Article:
San Benito County District 2 Supervisor Anthony Botelho will not seek reelection in 2020. The decision came after talking it over with his family.
Botelho told Benitolink that he has contemplated the decision for at least two years and feels it’s time to move on given the increased complexity of the supervisor position, being 58 years old, and his business, A&A Botelho Orchards.
“I feel I’m at a point in my life that I kind of want to take a little bit off my plate,” Botelho said. “You only live life once and as much as I enjoy public service—I love it—but I just think that now to add another commitment of another five and a half years, it would be tough to keep up the current pace that I’m working.”
First elected in November 2004, Botelho said he didn’t imagine he would run for more than three terms. Botelho’s family has long been involved in public service, as his uncle Herman also served as District 2 supervisor for three terms starting in 1963.
With his term ending next year, Botelho said he would have liked to be part of future projects the county will take on, such as improving the transportation system and fixing the roads.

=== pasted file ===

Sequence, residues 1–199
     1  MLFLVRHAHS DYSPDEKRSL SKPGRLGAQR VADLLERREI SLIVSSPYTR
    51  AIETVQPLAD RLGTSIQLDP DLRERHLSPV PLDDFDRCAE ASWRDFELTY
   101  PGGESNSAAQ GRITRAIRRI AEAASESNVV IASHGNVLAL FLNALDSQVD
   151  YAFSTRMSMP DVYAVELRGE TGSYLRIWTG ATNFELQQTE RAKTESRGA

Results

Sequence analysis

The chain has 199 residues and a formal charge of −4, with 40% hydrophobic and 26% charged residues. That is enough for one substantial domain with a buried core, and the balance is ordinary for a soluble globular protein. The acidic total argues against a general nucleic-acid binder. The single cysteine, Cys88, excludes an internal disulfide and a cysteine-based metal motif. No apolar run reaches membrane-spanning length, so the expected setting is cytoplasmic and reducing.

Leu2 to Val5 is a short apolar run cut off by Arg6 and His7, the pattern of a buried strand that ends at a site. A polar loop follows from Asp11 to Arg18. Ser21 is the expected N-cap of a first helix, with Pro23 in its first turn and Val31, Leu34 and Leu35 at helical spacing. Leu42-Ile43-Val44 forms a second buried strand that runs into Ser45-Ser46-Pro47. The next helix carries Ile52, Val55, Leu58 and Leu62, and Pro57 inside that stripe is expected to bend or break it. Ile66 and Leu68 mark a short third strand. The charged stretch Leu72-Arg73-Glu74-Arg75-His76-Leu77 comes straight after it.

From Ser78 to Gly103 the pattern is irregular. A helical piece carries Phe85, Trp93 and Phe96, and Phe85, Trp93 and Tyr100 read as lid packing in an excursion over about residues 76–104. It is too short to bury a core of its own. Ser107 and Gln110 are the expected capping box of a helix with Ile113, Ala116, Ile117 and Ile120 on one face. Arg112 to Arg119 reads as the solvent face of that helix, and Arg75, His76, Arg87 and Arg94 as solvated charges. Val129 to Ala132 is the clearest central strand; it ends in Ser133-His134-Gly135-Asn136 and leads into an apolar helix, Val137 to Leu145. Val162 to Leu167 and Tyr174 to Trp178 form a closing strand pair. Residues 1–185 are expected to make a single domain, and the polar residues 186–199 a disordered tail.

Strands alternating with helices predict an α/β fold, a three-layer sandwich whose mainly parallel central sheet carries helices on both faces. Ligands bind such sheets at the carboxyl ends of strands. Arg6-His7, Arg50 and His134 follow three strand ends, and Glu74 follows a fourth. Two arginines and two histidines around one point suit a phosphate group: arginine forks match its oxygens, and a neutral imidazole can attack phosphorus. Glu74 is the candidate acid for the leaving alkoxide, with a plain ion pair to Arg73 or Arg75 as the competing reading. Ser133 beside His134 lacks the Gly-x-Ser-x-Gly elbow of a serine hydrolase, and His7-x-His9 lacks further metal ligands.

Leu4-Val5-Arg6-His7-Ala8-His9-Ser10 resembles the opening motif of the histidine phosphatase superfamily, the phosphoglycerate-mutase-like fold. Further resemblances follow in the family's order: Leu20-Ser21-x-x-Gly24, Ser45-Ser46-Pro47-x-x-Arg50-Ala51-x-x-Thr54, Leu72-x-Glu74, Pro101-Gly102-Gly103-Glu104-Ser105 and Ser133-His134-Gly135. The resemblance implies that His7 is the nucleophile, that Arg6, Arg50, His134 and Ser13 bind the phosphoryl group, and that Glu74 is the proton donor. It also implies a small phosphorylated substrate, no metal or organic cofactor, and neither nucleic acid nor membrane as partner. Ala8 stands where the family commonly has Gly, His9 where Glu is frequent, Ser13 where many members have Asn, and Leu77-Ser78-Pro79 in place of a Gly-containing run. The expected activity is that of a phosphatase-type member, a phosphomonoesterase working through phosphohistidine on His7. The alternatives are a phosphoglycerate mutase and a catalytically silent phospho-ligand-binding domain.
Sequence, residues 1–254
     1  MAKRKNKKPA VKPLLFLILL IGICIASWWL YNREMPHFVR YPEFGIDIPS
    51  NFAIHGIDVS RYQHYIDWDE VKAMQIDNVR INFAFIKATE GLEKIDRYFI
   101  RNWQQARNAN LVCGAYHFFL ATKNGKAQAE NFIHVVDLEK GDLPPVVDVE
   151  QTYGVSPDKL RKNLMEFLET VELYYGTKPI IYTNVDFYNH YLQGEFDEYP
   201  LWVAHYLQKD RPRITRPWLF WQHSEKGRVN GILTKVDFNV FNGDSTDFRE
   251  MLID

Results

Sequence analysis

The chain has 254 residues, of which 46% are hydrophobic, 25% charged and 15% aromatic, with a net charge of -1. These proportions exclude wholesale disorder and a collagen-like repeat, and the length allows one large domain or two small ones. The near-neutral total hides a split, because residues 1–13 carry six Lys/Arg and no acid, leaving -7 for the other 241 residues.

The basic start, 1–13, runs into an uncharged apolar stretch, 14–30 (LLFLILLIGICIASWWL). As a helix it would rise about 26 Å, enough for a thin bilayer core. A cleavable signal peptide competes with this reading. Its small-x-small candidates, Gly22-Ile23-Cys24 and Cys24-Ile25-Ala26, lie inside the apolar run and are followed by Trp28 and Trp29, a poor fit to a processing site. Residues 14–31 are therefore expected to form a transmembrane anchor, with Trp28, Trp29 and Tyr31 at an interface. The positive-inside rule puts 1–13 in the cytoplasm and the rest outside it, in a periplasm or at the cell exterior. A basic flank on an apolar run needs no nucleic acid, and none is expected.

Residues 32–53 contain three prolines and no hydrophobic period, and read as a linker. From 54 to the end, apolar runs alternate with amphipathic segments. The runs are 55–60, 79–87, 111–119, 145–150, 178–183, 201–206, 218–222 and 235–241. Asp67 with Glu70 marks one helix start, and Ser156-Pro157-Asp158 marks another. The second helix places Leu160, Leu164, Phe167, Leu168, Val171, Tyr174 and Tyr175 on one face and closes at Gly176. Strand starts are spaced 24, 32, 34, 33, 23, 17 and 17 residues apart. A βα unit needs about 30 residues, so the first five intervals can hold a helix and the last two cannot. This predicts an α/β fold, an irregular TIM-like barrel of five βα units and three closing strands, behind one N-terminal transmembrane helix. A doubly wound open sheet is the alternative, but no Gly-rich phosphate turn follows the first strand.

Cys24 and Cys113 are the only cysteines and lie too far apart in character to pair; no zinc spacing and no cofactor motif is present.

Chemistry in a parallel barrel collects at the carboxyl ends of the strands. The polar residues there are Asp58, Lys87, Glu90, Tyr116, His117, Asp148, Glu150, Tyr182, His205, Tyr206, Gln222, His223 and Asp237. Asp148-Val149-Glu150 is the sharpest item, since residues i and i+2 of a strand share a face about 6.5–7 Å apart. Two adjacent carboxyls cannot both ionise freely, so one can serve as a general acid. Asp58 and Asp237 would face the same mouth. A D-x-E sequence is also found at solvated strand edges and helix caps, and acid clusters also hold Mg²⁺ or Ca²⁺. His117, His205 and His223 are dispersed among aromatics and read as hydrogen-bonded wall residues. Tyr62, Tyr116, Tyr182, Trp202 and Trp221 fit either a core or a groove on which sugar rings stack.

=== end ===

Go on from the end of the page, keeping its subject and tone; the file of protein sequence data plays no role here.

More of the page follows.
Botelho said he was thankful for having the opportunity to travel the state and meet with supervisors in other counties to learn and share ideas, particularly regarding how they are impacted by state rules and mandates.
“I will miss that tremendously,” Botelho said. “But hopefully I’ll continue on with some other opportunities. And it’s time for somebody else to take these burdens on.”
For Botelho, those who intend to run for a seat on the Board of Supervisors need two attributes: understanding of services and partnerships that can be gained through community involvement; and the time to attend meetings and deal with concerns from constituents.
Ideally, those individuals have been elected or appointed to a commission or city council and have gained some understanding of the time needed to invest in the position, Botelho said.
“Even at that it will surprise them,” he added.
Botelho said partnership projects have been his favorite aspect of being a supervisor. Most recently, that involved closing the part of Nash Road that intersects San Benito High School. Botelho is also proud of when the county partnered with the Aromas-San Juan Unified School District to install the soccer fields in San Juan Bautista in 2008.
Botelho said those projects demonstrate that different agencies can work together to get things done.
“It was worth every bit of the time that I spent for 15, 16 years,” Botelho said. “You don’t do it for recognition because so many people have to be involved.”